Saturday, 22 October 2016

Trump, Rigged Elections, and the Muslim Brotherhood

Listening to Donald Trump whip up his supporters with warnings about rigged elections and a rigged system, and hearing him threaten that mayhem might ensue if he does not win, evokes a shocking sense of deja vu. But not in America. In Egypt. 
When Morsi of the Muslim Brotherhood was running for the first contested presidential election in Egypt, a year after the January 25 revolution, he also claimed that the elections would be rigged against him, and that the entire system of the deep state was rigged against him, and that his supporters would "set fire to the country" if he did not win. Given the history of Egyptian elections, Morsi, arguably, could make a more plausible case than Donald Trump. 
But Trump echoes Morsi in even more unsettling ways. The Muslim Brotherhood leader also fed  the anger, frustration and fear of his base and validated their sense of economic and political disenfranchisement in a country ruled by cosmopolitan elites. Morsi, like Trump, was clearly unqualified and inexperienced to govern, but made a virtue of being an "outsider" against an ultimate insider opponent. Like Trump, he warned of dark conspiracies and declared he could trust no one but his own "people." And crucially, like Trump, he appealed to xenophobia and  religious bigotry against minorities.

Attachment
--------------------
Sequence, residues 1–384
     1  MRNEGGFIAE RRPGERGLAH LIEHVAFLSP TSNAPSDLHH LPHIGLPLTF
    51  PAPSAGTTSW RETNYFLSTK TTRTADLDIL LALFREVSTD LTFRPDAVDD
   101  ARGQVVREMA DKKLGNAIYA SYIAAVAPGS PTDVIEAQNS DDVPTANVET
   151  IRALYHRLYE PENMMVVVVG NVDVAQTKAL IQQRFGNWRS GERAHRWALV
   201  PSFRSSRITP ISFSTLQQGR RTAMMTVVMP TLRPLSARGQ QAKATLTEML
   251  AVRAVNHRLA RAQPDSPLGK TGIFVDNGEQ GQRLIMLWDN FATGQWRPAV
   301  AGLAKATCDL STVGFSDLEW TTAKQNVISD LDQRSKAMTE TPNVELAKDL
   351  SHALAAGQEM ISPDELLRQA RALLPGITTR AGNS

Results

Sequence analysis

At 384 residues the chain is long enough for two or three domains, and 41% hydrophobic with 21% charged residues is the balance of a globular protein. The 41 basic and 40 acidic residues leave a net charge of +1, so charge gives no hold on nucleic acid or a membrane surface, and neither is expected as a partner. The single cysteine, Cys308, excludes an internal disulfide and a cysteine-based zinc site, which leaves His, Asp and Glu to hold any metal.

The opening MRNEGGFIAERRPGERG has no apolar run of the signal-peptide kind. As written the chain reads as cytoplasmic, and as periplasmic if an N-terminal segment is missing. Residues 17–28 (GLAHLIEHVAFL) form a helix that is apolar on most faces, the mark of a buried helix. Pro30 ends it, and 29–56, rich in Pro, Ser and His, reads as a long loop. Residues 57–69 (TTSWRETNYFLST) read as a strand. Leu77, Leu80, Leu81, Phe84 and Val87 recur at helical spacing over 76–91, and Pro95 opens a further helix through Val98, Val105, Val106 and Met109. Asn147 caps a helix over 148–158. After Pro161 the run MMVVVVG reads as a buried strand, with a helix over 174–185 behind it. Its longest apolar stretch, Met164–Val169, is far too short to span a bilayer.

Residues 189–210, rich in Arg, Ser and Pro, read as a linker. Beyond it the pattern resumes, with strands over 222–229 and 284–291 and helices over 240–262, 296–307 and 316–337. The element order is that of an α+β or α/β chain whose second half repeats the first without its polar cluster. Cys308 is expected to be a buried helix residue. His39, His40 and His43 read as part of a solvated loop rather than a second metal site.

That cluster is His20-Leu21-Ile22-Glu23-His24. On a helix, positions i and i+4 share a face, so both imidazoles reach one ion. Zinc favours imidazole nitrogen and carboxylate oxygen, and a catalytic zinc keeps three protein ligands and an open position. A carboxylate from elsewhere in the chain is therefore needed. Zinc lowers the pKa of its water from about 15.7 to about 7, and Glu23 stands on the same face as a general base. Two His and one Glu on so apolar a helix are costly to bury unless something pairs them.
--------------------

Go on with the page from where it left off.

Morsi won, narrowly. Some put it down to the protest vote. A significant proportion of those who voted for him could not abide his Muslim Brotherhood but also could not bring themselves to vote for his opponent, a military establishment figure who represented the Mubarak ancien regime on steroids- it would have meant repudiating the revolution they fought for. Another significant proportion could not bring themselves to vote for either candidate and stayed home. 
Morsi won, but the backlash from his supporters came anyway, a year later, when a million people went into the streets to demand the removal of his inept and autocratic government, and the military responded with a coup. Morsi diehards felt robbed of their "democratically elected" president and were encouraged by the Muslim Brotherhood leaders to occupy a major square in Cairo and camp out there in protest, by the thousands, men, women, and children, for several months, Waco style. It  took a bloody confrontation with the forces of order to root them out: a thousand Morsi supporters perished.
That could never happen in America. But then again, this entire election campaign year could never happen, except that it just did. Foreign observers offering to supervise the legitimacy of US elections is only the latest outrage dragging America down into banana republic territory. Could a protest vote against an establishment figure bring about a default victory for a racist, bigoted, unqualified showman? And if he lost, could he bear to be a "loser" or would he try to blame rigged elections and encourage his supporters to sow mayhem?